launch, Lucy will gain some of the orbital energy it needs to travel to this never-before-visited population of asteroids.
Discovered in February 1906 by German astrophotographer Max Wolf, the Trojan asteroids are trapped in orbits around the Sun at the same distance as Jupiter. They’re essentially following the same orbit, just either far ahead of or behind the giant planet. Lucy is currently one year into a twelve-year, 4-billion-mile voyage to study these ancient asteroids.
This gravity assist will place Lucy on a new trajectory for a two-year orbit, at which time it will return to Earth for a second gravity assist. This second assist will give Lucy the energy it needs to cross the main asteroid belt, where it will observe asteroid Donaldjohanson, and then travel into the leading Trojan asteroid swarm. There, Lucy will fly past six Trojan asteroids: Eurybates and its satellite Queta, Polymele and its yet unnamed satellite, Leucus, and Orus. Lucy will then return to Earth for a third gravity assist in 2030 to re-target the spacecraft for a rendezvous with the Patroclus-Menoetius binary asteroid pair in the trailing Trojan asteroid swarm.
NASA’s Lucy spacecraft will make an exceptionally close flyby of Earth on October 16, 2022. Credit: NASA Goddard Space Flight Center
For this first gravitational assist, Lucy will appear to be approaching Earth from the direction of the Sun. While this means observers on Earth won’t be able to see Lucy in the days leading up to the event, Lucy will be able to take images of the near-full Earth and Moon. Mission scientists will use these images to calibrate the instruments.
Lucy’s trajectory will bring the spacecraft very close to Earth, lower even than the International Space Station (ISS), which means that Lucy will pass through a region full of Earth-orbiting satellites and debris. To ensure the safety of the spacecraft, NASA has developed procedures to anticipate any potential danger and, if necessary, perform a small maneuver to avoid a collision.
“Lucy’s team prepared two different maneuvers,” says Coralie Adam, assistant navigation team leader for Lucy at KinetX Aerospace in Simi Valley, Calif. “If the team detects that Lucy is at risk of colliding with a satellite or debris, then – 12 hours before the closest approach to Earth – the spacecraft will execute one, changing the time of the closest approach two or four seconds in. It’s a small correction, but it’s enough to avoid a potentially catastrophic collision.
Lucy will pass Earth at such a low altitude that the team had to include the effect of atmospheric drag when designing this flyby. Lucy’s large solar panels increase this effect.
“In the original plan, Lucy was actually going to pass about 30 miles closer to Earth,” says Rich Burns, Lucy project manager at NASA’s Goddard Space Flight Center in Greenbelt, Maryland. “However, when it became clear that we might have to run this flyby with one of the unlocked solar panelswe chose to use some of our fuel reserves to have the spacecraft pass Earth at a slightly higher altitude, reducing atmospheric drag disturbance on the spacecraft’s solar panels.
At approximately 6:55 a.m. EDT, Lucy will first be visible to ground observers in Western Australia (6:55 p.m. for those observers). Lucy will quickly pass overhead, clearly visible to the naked eye for a few minutes before disappearing at 7:02 a.m. EDT as the spacecraft passes through Earth’s shadow. Lucy will continue over the Pacific Ocean in the dark and emerge from Earth’s shadow at 7:26 a.m. EDT. If the clouds cooperate, skywatchers in the western United States should be able to see Lucy through binoculars.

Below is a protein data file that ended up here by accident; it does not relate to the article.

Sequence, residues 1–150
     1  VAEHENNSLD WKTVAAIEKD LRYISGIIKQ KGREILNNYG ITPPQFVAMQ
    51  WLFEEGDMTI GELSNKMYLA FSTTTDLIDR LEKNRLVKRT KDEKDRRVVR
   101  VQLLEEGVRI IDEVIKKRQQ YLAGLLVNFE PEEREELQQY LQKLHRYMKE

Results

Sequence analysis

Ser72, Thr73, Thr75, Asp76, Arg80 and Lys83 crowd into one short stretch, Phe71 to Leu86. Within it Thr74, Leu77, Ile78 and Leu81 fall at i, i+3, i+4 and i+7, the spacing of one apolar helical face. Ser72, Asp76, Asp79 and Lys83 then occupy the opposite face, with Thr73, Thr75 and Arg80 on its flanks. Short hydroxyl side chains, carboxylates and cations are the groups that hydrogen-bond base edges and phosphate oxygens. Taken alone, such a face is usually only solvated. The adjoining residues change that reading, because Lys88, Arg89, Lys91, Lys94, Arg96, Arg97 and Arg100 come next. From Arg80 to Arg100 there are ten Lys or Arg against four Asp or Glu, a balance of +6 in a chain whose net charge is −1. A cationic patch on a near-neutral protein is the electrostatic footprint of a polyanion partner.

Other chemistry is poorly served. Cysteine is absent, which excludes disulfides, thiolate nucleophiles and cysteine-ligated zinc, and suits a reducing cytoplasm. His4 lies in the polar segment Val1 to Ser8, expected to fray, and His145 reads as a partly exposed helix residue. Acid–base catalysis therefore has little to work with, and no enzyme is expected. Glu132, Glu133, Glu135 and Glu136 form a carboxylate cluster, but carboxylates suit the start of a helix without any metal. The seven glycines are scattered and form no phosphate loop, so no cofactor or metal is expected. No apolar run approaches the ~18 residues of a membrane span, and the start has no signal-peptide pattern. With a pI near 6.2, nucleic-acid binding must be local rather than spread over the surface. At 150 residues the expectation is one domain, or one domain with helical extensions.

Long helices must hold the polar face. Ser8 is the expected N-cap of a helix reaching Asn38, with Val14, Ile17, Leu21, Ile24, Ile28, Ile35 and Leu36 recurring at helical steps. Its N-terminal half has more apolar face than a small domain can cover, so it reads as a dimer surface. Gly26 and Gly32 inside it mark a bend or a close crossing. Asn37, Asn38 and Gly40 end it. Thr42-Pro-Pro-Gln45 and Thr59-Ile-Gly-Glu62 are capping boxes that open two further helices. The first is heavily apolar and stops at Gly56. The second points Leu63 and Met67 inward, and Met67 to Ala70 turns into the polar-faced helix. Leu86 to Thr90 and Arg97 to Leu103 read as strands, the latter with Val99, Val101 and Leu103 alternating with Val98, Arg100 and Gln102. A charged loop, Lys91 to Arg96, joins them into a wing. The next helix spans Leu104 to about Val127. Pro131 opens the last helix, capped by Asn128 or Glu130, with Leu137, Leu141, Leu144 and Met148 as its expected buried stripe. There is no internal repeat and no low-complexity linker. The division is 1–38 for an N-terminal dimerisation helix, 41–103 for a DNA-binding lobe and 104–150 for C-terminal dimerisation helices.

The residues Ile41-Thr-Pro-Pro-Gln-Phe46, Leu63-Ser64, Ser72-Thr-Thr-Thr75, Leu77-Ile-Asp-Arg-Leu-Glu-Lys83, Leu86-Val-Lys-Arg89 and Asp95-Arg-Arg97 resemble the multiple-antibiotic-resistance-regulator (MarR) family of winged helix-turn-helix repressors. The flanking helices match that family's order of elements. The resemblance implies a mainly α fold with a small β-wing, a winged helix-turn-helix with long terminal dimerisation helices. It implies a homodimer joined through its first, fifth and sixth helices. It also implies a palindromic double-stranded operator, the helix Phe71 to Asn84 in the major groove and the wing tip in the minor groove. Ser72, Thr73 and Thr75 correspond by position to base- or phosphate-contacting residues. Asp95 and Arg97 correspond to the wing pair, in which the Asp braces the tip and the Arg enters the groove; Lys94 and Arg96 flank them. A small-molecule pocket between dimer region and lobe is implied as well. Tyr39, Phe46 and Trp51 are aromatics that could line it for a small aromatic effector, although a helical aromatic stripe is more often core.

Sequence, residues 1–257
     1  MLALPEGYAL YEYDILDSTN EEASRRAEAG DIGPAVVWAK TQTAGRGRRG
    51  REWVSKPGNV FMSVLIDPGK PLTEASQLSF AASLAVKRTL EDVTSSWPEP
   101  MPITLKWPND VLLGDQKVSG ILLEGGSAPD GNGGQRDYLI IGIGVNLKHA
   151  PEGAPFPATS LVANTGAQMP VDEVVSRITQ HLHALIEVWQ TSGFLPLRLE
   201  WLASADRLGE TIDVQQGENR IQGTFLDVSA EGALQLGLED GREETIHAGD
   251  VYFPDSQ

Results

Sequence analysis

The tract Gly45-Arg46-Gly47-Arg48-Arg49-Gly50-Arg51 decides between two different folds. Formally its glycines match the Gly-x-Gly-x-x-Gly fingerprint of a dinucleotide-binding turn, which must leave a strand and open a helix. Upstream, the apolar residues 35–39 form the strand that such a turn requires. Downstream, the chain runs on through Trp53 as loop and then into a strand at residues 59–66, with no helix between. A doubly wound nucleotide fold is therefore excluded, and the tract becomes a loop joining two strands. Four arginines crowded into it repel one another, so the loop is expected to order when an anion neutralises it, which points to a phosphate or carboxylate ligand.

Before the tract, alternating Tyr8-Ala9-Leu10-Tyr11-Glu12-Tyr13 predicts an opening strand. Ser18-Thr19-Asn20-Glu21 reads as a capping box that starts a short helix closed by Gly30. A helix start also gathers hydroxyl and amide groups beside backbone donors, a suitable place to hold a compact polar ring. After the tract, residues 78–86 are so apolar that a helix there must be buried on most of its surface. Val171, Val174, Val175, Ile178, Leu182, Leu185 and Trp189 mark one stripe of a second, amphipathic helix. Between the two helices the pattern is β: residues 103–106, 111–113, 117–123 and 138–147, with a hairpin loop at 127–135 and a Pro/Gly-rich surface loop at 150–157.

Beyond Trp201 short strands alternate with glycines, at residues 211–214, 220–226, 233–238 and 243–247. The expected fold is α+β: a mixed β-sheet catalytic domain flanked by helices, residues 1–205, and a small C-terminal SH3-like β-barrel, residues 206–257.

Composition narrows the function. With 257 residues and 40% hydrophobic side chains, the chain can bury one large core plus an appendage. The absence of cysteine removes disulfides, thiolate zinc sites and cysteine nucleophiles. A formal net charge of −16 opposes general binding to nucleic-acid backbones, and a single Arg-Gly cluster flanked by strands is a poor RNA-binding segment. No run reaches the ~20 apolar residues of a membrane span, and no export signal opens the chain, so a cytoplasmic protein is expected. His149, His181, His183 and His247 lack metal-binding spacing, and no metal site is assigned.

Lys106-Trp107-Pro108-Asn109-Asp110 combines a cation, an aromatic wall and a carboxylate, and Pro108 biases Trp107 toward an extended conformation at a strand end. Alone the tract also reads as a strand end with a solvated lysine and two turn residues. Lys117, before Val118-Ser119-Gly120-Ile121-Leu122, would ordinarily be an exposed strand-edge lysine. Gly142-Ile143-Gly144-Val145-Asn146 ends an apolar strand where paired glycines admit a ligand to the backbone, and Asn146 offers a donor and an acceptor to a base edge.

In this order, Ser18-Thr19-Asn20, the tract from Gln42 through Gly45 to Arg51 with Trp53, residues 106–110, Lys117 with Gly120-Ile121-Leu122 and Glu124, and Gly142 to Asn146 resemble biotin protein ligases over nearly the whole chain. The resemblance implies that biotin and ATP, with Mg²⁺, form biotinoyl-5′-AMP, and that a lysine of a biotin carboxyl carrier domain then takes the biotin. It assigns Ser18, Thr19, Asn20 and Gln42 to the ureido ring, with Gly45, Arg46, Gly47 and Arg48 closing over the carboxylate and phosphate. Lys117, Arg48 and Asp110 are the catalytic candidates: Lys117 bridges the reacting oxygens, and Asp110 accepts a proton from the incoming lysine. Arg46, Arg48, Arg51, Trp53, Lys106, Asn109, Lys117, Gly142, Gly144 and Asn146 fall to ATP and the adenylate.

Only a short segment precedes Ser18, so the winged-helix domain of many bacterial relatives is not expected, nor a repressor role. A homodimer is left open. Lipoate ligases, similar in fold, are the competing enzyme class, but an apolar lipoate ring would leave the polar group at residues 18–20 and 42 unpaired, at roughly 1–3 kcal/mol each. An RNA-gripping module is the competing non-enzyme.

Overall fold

“The last time we saw the spacecraft, it was locked in the payload fairing in Florida,” said Hal Levison. He is Lucy’s Principal Investigator in the Boulder, Colorado office of the Southwest Research Institute (SwRI). “It’s exciting that we can stand here in Colorado and see the spacecraft again. And this time Lucy will be in the sky.
Lucy will then quickly move away from the vicinity of Earth, passing by the Moon and taking a few more calibration images before continuing into interplanetary space.
“I’m particularly excited about the final images Lucy will take of the Moon,” said John Spencer, the project’s acting assistant scientist at SwRI. “Counting craters to understand the history of Trojan asteroid collisions is key to the science that Lucy will conduct, and this will be the first opportunity to calibrate Lucy’s ability to detect craters by comparing it to previous observations of the Moon by other space missions.
Panoramic view of Lucy’s first Gravity Assist Earth (EGA). The camera follows Lucy as the spacecraft approaches the sunlit side of Earth before crossing into Earth’s shadow as it orbits the planet. Credit: NASA Science Visualization Studio
The public is invited to join the #WaveToLucy social media campaign by posting images of themselves saluting the spacecraft and tagging the @NASASolarSystem account. Also, if you find yourself in an area where Lucy will be visible, take a photo of Lucy and post it on social media with the hashtag #SpotTheSpacecraft. Instructions for viewing Lucy from your location are available here.
Hal Levison from South West Research Institute (SwRI), in the Boulder Colorado office is the Principal Investigator. SwRI, headquartered in San Antonio, also leads the science team and science observation planning and data processing for the mission. NASA Goddard provides overall mission management, systems engineering, and safety and mission assurance for Lucy. Lockheed Martin Space in Littleton, Colorado built the spacecraft, primarily designed the orbital path, and provides flight operations. Goddard and KinetX Aerospace are responsible for navigating the Lucy spacecraft. Lucy is the thirteenth mission in NASA’s Discovery program, which is managed by NASA’s Marshall Space Flight Center in Huntsville, Alabama.